"Of course," answered Vixen, with a little toss of her head; "it would have been quite wrong if she had been absent."
They rode on in silence for a little while after this. Vixen was longing to say: "Rorie, you have treated me very badly. You ought to have told me you were going to be married." But something restrained her. She patted her horse's neck, listened to the lonely robins, and said not a word. The Squire and his tenant were a hundred yards ahead, talking loudly.
Presently they came to a point at which their roads parted, but Rorie still rode on by Vixen.
"Isn't that your nearest way?" asked Vixen, pointing down the cross-road with the ivory handle of her whip.
"I am not going the nearest way. I am going to the Abbey House with you."
"I wouldn't be so rude as to say Don't, but I think poor Sultan must be tired."
"Sultan shall have a by-day to-morrow."
They went into an oak plantation, where a broad open alley led from one side of the enclosure to the other. The wood had a mysterious look in the late afternoon, when the shadows were thickening under the tall thin trees. There was an all-pervading ghostly grayness as in a shadowy under-world. They rode silently over the thick wet carpet of fallen leaves, the horses starting a little now and then at the aspect of a newly-barked trunk lying white across the track. They were silent, having, in sooth, very little to say to each other just at this time. Vixen was nursing her wrathful feelings; Rorie felt that his future was confused and obscure. He ought to do something with his life, perhaps, as his mother had so warmly urged. But his soul was stirred by no ambitious promptings.
They were within two hundred yards of the gate at the end of the enclosure, when Vixen gave a sudden cry:
"Did papa's horse stumble?" she asked; "look how he sways in his saddle."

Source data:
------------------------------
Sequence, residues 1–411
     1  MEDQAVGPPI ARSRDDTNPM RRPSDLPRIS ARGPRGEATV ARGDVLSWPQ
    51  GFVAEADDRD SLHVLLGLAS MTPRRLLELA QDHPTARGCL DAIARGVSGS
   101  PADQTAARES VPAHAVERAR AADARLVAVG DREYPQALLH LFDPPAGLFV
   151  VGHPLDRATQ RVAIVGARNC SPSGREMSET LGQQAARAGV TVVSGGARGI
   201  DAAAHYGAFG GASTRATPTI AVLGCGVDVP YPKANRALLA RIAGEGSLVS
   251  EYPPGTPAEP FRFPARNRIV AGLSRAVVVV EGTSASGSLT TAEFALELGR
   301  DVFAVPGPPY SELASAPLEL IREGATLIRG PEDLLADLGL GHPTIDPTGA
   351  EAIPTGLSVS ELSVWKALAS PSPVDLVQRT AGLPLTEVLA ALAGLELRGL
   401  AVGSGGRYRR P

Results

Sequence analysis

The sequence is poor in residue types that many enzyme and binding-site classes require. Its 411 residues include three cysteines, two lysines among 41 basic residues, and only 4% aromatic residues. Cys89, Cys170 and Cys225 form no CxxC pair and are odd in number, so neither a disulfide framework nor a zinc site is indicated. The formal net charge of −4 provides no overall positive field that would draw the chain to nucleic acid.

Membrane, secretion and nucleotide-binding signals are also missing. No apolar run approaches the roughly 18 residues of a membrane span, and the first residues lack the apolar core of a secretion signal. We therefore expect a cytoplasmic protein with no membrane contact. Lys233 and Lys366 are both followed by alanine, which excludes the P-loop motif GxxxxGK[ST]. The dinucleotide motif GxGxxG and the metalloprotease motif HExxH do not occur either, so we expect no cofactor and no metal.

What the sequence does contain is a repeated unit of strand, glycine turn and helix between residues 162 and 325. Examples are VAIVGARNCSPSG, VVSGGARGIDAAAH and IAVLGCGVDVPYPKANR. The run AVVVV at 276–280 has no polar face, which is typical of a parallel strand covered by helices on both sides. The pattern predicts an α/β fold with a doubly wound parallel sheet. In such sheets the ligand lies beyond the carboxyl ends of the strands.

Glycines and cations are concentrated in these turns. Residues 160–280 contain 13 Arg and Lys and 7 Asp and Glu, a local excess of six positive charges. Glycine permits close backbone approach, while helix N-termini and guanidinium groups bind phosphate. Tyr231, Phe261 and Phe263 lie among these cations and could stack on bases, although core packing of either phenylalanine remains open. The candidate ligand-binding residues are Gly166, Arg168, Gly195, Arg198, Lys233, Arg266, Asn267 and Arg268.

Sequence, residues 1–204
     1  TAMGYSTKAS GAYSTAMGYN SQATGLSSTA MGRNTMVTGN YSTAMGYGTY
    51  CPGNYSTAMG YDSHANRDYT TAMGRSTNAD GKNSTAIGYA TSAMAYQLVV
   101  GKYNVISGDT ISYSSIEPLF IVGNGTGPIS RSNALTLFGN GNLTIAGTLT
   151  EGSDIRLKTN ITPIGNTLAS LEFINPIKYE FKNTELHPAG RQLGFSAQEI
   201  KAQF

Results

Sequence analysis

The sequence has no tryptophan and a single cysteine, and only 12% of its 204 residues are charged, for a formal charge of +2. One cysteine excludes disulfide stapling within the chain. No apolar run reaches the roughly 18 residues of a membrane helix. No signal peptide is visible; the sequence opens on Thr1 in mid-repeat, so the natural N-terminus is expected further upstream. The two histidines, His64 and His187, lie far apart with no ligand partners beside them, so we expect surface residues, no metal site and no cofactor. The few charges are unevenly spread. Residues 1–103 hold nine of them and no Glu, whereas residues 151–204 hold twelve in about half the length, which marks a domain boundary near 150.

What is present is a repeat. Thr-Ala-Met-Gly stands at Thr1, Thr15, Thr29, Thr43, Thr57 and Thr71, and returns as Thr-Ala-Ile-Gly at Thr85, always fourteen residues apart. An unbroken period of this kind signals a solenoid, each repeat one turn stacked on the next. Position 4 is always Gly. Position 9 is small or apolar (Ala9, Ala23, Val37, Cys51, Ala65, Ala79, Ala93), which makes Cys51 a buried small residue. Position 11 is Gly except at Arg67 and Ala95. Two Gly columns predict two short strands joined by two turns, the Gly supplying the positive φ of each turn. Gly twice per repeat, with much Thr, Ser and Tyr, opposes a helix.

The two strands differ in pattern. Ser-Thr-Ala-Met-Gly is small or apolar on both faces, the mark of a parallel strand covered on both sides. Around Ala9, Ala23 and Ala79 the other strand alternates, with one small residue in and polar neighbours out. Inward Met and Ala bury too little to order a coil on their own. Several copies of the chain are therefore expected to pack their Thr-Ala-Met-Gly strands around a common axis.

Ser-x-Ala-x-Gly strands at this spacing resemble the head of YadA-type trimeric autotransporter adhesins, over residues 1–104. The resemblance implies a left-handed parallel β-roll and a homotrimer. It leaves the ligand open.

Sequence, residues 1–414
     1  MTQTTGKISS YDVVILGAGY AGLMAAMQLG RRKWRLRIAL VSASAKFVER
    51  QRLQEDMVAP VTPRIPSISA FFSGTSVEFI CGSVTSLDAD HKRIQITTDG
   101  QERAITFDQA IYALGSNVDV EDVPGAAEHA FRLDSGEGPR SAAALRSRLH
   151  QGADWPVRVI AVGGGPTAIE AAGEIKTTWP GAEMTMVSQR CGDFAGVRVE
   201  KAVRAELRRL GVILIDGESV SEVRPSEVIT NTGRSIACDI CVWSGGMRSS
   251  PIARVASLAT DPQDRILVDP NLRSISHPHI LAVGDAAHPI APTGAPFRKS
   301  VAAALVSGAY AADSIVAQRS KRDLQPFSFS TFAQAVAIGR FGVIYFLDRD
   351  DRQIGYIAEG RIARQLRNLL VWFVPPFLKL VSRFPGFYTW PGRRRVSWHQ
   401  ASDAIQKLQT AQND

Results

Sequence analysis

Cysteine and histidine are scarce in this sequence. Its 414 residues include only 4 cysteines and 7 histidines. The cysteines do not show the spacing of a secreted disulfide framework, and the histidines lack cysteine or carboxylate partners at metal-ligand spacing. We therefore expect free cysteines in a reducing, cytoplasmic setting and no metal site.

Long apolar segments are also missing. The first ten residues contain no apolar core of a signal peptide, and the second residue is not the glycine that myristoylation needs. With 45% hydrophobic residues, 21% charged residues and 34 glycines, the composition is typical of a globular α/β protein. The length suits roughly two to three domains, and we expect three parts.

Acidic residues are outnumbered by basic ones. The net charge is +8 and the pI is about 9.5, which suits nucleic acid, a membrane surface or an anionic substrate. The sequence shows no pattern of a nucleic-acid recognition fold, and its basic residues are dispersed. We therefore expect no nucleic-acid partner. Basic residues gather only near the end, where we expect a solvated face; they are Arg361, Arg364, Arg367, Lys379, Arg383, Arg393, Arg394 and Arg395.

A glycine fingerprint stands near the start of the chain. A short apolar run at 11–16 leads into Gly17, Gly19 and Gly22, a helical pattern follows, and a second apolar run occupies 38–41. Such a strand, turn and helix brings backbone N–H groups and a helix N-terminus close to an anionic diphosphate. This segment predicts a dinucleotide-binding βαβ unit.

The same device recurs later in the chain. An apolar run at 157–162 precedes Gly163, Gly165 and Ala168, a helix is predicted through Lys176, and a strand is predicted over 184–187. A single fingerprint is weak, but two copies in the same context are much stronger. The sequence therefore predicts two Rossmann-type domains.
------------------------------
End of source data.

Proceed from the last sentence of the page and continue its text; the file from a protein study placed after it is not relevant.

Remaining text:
Another instant, and the Squire reeled forward, and fell headforemost across his horse's shoulder. The fall was so sudden and so heavy, that the horse fell with him, and then scrambled up on to his feet again affrighted, swung himself round, and rushed past Roderick and Vixen along the plashy track.
Vixen was off her horse in a moment, and had flown to her father's side. He lay like a log, face downwards upon the sodden leaves just inside the gate. The farmer had dismounted and was stooping over him, bridle in hand, with a frightened face.
"Oh, what is it?" cried Violet frantically. "Did the horse throw him?—Bullfinch, his favourite horse. Is he much hurt? Oh, help me to lift him up—help me—help me!"
Rorie was by her side by this time, kneeling down with her beside the prostrate Squire, trying to raise the heavy figure which lay like lead across his arm.
"It wasn't the horse, miss," said the farmer. "I'm afraid it's a seizure."
"A fit!" cried Vixen. "Oh, papa, papa——darling—darling——"
She was sobbing, clinging to him, trembling like a leaf, and turning a white, stricken face up towards Roderick.
"Do something to help him—for God's sake—do something," she cried; "you won't let him lie there and die for want of help. Some brandy—something," she gasped, stretching out her trembling hand.
The farmer had anticipated her thought. He had taken his flask from the saddle pocket, and was kneeling down by the Squire. Roderick had lifted the heavy head, and turned the ghastly face to the waning light. He tried to force a little brandy between the livid lips—but vainly.